Midnight Crazies In Cats - Why Are Cats More Active In The Night?
Why do cats go crazy at night? If you have a cat at home, then this is a question you have asked yourself many times.
Midnight Crazies in cats are a common behaviour, where they get extremely active and excited at night and run around either meow-ing like crazy or howling.
For cat parents who are still doubtful of what the midnight crazies are and if your cat has it, here are a few behaviours of midnight crazies in cats:
- Your cat runs around at night
- They keep meowing and/or howling
- They behave as if they are chasing stuff around and may even jump on the bed and paw you.
If this is what your cat does, then your cat like many other cats has midnight/night crazies.
Every cat, regardless of breed, has moments when they have been extremely active at night. This common behaviour among cats could be caused by several things.
Let’s look at the most common reasons behind your cat’s night crazies:
Important Discussion Points In This Guide
- 3 Common Reasons Of Midnight Crazies In Cats
- How To Help A Cat With The Midnight Crazies
3 Common Reasons Of Midnight Crazies In Cats
Your Cat Is Alone & Bored
If your cat is alone at home in the daytime - there is a high chance they have little to no physical activity. This causes them to build up energy that they end up releasing at night time when their human is at home.
The rest that they take during the day when they are home alone and are bored, leads to the attention-seeking activity at night. This type of activity is also more common in households with single cats.
Your Cat Is Hungry
Just like hunger can change a human’s behaviour, it can change a cat’s behaviour too.
Cats have an instinct of feeding at night. So, if you find your cat acting unruly - it could be because they are hungry and want you to give them a midnight snack.
Your Cat Is Old or Has A Health Issue
Another common reason for night crazies in cats is because of old age or other health issues.
Cats' behaviour can change in a variety of ways as they age. Observing their behaviour as they grow old, will give you the answers to their new and unusual behaviours.
On the other hand, an underlying health issue could also be the cause behind your cat’s midnight crazies. Your cat may be feeling restless and uncomfortable and is acting out to grab your attention. If you see a drastic change in your cat's behaviour - it is best to consult with your Vet.
Though cats, in general, have a different sleep-wake cycle when compared to other animals, erratic behaviour in cats at night requires attention from the pet parent.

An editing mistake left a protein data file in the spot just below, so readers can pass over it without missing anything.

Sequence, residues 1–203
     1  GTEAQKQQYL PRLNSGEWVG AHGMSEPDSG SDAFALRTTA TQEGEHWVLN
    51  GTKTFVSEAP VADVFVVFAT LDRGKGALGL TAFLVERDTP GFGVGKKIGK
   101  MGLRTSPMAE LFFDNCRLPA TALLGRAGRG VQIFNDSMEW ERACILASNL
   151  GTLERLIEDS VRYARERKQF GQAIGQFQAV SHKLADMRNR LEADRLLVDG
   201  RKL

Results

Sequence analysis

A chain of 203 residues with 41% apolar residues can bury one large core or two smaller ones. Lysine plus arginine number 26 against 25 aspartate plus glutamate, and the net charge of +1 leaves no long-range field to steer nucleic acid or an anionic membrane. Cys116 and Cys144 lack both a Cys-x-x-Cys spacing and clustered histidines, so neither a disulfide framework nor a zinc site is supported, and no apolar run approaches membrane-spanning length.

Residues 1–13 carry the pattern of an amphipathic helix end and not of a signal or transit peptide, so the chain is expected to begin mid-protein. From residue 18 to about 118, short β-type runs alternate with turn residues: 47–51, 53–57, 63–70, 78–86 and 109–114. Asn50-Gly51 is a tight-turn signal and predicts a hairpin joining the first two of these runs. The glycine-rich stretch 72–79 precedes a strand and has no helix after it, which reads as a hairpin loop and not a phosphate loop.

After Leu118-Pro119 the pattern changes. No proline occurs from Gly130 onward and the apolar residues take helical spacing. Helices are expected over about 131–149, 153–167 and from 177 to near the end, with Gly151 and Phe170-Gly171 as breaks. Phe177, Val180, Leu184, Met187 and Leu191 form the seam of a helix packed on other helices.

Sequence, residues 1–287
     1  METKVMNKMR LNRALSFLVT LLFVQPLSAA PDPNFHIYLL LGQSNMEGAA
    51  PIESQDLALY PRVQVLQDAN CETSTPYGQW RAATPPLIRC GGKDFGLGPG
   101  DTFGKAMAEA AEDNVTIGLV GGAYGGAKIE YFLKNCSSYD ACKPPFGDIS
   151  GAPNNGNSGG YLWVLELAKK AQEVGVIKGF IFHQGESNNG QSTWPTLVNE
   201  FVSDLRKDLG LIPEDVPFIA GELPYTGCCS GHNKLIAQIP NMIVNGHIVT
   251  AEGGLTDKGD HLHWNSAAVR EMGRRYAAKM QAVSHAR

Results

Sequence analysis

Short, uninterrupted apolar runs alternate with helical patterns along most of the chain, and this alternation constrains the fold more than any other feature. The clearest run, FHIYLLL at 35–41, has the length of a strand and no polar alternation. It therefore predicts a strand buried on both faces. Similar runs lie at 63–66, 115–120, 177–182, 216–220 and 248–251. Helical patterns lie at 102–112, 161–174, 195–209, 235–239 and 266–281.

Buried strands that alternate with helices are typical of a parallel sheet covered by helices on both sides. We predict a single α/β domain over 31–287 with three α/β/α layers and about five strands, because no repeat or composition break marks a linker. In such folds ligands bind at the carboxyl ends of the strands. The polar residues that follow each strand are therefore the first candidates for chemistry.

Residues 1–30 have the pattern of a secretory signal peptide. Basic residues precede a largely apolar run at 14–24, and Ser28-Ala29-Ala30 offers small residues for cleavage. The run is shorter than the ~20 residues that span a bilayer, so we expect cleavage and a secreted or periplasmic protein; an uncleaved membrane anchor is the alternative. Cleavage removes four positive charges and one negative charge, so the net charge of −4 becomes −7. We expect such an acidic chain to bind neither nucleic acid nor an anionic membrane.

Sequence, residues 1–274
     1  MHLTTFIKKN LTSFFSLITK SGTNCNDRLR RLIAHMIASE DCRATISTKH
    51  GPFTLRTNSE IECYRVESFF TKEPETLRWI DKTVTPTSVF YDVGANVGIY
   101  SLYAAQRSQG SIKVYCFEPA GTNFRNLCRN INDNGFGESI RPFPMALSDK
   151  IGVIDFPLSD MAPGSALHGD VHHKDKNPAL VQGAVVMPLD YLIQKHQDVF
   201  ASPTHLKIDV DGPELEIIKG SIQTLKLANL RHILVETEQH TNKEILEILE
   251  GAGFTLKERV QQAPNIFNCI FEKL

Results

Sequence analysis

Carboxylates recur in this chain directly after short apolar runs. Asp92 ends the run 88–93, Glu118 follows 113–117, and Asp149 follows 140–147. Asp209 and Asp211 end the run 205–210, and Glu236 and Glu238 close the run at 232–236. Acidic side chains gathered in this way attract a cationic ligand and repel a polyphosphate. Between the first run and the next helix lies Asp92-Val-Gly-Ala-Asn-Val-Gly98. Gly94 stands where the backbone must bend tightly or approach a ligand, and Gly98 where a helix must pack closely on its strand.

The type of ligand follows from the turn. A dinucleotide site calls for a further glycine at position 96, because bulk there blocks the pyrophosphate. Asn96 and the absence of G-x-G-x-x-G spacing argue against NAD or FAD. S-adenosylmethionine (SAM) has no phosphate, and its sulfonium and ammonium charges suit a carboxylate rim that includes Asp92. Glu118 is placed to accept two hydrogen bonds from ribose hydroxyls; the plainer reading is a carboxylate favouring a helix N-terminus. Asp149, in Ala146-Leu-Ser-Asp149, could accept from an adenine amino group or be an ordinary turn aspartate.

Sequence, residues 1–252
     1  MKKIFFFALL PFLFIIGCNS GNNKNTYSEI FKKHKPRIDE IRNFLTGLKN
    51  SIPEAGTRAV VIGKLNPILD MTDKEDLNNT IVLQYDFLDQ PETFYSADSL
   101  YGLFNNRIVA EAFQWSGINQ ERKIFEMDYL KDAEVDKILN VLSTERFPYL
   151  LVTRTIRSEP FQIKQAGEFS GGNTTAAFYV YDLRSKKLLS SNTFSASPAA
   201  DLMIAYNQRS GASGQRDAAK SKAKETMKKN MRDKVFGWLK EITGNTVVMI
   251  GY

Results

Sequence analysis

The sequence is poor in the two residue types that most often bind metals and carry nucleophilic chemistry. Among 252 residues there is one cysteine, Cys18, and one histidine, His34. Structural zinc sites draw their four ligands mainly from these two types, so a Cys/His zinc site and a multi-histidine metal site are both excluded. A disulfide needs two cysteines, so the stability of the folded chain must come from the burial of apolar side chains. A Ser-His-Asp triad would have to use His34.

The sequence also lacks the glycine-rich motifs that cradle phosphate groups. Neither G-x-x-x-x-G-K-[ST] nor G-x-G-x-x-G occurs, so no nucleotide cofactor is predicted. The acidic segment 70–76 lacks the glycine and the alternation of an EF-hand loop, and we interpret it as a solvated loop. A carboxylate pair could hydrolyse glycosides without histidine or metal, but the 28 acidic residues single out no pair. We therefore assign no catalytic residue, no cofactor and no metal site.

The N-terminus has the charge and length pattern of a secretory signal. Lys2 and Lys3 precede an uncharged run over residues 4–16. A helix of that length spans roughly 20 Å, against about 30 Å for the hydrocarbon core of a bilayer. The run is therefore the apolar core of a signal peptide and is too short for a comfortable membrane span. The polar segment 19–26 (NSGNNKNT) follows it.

How To Help A Cat With The Midnight Crazies
Midnight crazies in cats are neither fun for the cat nor is for the pet parent. If you are in such a situation, here are a few things you can do as a pet parent:
Play With Your Cat Before Bedtime
An easy but important thing you can do to help your cat out is - play with them.
Spend quality time with your pet before their bedtime by playing or training. You can also opt for fun toys like a teaser or an automatic mouse toy.
Keep Them Entertained With Interactive Toys And Playtime
As we all know cats are quite picky - so, make sure they don’t get bored by their toys or through playtime.
To keep them mentally and physically stimulated even when you are not at home - choose toys like catnip toys or mouse toys to bring out their natural instincts. You can make playtime interactive with new games like cat and mouse chase!
Adjust Your Cat’s Feeding Schedule
A cat with a full stomach is bound to have a good night's sleep. To help your cat get rid of their midnight crazies, you can feed them their meals late at night rather than in the evening.
As a cat parent, you should also stick to a proper feeding schedule and not entertain cat treats in the middle of the night.
Create A Peaceful Environment For Your Cat
Before bedtime, put away any toys or things that can stimulate your cat. Do not feed them or bring them their favourite toy if they misbehave at night, as this can lead them to stick to their new behaviours. You could also consider crate training to reduce misbehaviour.
If none of these steps helps in getting your cat back to their usual schedule - try consulting with your vet.
But, though you may feel stressed or frustrated by your cat’s behaviour, as a cat parent you should remember that cats are nocturnal in nature. Do not punish them for this normal cat behaviour.
Happy Pet Parenting!
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